Western Slope water interests still reeling from the Gross Expansion Project may barely have enough time to catch their breath before they're again summoned to the bargaining table. The Colorado Water Conservation Board presented the first full draft of its 2014 Colorado Water Plan to Gov. John Hickenlooper on Wednesday, Dec. 10, and the document identifies an additional trans-mountain diversion as a possible solution for growing demands on the Front Range. The water plan is the result of a 2013 executive order from Hickenlooper, which sought to establish a cohesive plan for the state's future water use in the face of a growing population. Regarding another diversion, the plan "seeks to find a path forward that considers the option of developing a new (trans-mountain diversion), while addressing many of the concerns expressed by the Colorado Basin roundtable and others." The threat of another trans-mountain diversion has loomed behind the development of localized basin implementation plans for each of Colorado's eight largest river basins. The South Platte/Metro Basin roundtables have called for new Colorado River water supplies since their draft plan was released this summer. The state water plan outlines seven "points of consensus" for a new diversion, one of which states that the Eastern Slope isn't seeking firm yield from a new diversion, and that it "would accept hydrologic risk for that project." But Grand County Manager Lurline Underbrink Curran said many of those points are overly vague. "What does risk mean?," Curran said. "What does a new (trans-mountain diversion) mean? What does that mean when you have millions of people relying on it? The devil is in the details." Grand County has been active in the Colorado Basin Roundtable, which has actively opposed any new trans-mountain diversion from the Colorado River. Jim Pokrandt, chair of the Colorado Basin Roundtable, said in an email that the Western Slope basin roundtables would probably draft an official response at their Dec. 18 meeting in Grand Junction. Pokrandt did provide a list of points from a November discussion, in which the Colorado Basin Roundtable calls it "premature" to include the seven points in the state water plan. "We need to recognize that there may come a point where we cannot back down," the document states, "where we will need to take a stand for the sake of the West Slope and Colorado as a whole." In past discussions, Pokrandt has maintained that any additional diversions from the Colorado River could trigger a compact call, in which junior water rights holders must stop diverting to supply Lower Basin states with water. A compact call could impact municipal and other users on the West Slope, including the Colorado-Big Thompson Project. Each basin will submit its final basin implementation plan to the Colorado Water Conservation Board in April 2015. The board will submit its final state water plan to the governor in December 2015. To view the draft state water plan, visit http://coloradowaterplan.com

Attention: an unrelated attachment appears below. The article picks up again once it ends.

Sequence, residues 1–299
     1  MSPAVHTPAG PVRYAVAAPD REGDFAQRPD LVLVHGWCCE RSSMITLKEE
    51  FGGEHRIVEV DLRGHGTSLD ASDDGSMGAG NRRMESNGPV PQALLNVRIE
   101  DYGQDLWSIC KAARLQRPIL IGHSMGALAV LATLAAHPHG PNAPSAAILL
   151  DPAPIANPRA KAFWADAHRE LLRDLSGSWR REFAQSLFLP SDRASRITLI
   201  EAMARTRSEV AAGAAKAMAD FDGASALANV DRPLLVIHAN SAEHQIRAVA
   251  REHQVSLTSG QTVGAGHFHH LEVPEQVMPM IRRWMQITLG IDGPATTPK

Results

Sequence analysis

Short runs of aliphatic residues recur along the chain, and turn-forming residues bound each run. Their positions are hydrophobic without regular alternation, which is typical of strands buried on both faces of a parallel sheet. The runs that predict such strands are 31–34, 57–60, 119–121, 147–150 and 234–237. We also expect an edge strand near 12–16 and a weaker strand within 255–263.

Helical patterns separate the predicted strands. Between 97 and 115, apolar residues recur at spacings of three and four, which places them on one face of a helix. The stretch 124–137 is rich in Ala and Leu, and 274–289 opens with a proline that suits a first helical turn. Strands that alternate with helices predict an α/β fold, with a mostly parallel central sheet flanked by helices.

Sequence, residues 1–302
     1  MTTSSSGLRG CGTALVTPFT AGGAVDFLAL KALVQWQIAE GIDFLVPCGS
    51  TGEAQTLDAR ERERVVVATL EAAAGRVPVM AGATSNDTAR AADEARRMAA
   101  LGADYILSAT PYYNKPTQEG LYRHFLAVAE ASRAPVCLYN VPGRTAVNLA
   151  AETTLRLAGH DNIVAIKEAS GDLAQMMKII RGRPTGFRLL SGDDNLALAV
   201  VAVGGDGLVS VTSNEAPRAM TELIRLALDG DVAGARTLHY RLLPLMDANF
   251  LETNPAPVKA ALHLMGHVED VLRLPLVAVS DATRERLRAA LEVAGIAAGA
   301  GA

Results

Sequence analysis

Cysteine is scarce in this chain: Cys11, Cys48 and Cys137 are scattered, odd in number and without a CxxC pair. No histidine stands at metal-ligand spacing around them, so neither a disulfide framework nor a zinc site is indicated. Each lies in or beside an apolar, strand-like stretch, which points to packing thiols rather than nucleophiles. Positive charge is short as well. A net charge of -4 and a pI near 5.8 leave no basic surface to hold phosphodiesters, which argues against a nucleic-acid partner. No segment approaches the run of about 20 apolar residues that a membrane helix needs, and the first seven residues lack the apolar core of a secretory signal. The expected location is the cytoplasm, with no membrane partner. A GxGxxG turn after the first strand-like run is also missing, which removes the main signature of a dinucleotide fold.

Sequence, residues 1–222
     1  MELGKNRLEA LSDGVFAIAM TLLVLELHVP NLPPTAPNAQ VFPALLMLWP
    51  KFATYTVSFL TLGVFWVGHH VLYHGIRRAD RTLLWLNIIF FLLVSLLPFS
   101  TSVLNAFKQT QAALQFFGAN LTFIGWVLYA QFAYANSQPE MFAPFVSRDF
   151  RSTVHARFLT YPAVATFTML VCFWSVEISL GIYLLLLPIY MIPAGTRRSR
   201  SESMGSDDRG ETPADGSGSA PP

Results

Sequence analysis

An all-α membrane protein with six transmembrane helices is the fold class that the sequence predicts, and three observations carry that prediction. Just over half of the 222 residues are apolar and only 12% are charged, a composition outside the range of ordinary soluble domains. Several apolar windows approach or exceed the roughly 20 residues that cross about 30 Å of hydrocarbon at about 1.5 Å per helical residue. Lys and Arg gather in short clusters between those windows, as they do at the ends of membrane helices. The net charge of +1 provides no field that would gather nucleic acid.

Grand County Real Estate Transactions